• 101 Jason November 9, 2009 at 7:18 am

      Rob,

      I’ll answer your aggressive yet misdirected post. Converting our society in any way to a police state aimed at “protecting” the citizenry from terrorists by persecuting the populace by treating every one of them as terrorists whenever a law official thinks that someone is acting “like a terrorist” is completely unacceptable, and in my opinion means the terrorists have “won”.

      Reality: If a terrorist wants to take photos of a public nature there are so many possible ways to do it other than sitting there in public with a nice camera rig, obviously posing for a detailed shot. We’re talking pinhole cameras, telephotos, wi-fi wired video, well… you get my idea. If a terrorist wants shots of a site they will get them. But to treat any person taking photos as if they were terrorists means that your government is now backing the concept that you are guilty until proven innocent.

      Obviously from your post you have no problems living in a society where that is the case. I however come from a family with a rich history of members serving in the military and, while I can ask them, I’m fairly certain they’ll say that if this starts happening that their service was for nothing.

      Let me ask you Rob, should we have our police force start questioning every muslim and “Arab” that they see on the streets? Because, you know, one of them might be a terrorist, or know a terrorist, or know someone who knows a terrorist. And hey, if someone you could have stopped and interrogated later kills some people we so could have stopped that (and all you have to do is not say anything when the police take the people – ask the Germans how that worked for them).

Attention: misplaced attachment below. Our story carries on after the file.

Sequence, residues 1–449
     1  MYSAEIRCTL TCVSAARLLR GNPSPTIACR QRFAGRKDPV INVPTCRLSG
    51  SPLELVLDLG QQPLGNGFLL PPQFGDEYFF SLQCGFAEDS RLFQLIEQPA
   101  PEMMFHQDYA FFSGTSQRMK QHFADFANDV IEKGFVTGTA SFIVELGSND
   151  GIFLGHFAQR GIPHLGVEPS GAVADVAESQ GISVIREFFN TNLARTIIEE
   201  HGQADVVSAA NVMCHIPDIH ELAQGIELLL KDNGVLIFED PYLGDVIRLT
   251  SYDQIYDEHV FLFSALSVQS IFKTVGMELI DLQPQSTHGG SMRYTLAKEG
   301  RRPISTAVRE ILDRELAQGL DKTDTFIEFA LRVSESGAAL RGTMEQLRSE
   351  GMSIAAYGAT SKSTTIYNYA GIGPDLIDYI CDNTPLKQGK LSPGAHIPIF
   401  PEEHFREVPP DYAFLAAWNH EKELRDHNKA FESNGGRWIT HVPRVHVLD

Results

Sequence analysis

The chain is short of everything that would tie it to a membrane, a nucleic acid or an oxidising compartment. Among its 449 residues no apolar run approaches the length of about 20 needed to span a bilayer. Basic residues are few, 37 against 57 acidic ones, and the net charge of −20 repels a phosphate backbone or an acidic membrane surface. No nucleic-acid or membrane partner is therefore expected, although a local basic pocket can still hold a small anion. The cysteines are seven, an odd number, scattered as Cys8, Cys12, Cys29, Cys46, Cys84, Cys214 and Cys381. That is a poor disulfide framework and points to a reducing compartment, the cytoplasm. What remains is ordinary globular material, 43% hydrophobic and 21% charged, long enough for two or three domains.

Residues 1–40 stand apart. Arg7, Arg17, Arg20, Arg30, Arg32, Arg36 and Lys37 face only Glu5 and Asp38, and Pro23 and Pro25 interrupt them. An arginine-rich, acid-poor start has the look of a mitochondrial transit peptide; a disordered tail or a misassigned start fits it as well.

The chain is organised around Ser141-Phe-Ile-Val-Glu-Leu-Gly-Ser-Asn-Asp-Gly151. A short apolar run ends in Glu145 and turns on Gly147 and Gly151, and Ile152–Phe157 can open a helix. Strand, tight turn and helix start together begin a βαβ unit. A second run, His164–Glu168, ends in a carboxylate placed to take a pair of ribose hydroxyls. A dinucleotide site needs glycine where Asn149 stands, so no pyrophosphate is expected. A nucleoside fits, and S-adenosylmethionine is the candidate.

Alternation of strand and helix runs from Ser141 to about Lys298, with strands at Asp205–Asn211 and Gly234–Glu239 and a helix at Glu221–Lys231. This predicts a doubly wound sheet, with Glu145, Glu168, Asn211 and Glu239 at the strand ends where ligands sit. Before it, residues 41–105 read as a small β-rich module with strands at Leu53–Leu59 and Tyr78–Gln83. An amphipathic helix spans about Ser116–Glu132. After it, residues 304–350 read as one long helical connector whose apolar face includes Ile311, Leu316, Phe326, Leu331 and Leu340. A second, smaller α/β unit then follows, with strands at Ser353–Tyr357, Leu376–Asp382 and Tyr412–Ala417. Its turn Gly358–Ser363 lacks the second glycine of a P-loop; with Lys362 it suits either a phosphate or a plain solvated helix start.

sigh.

      • 102 Kenny Wyland November 9, 2009 at 10:19 am

        Careful, if you invoke the Nazis then, by default, this whole conversation is over. http://en.wikipedia.org/wiki/Godwin%27s_law

    • 103 John Ross November 9, 2009 at 2:00 pm

      But if the terrorist was polite and answered the police officers questions and then a week later boom Everything would be fine ??
      If the only thing the police can go on to stop terrorist is “Is this guy a douch” boy are we screwed.
      BAAA Baaaaaa Baaaa

    • 104 anoon November 10, 2009 at 5:04 pm

      You sir are an idiot.

  22. 105 torgeaux November 9, 2009 at 7:02 am

    This is to address the strawman that Kenny keeps erecting:

    Police cannot detain you, even for a short time, even to “just ask questions” absent REASONABLE suspicion. They also cannot detain you “up to three days without charges” without a greater level of justification. I’m not completely up on the California law on that, so I don’t know what the statute says, but I am sufficiently familiar with constitutional law.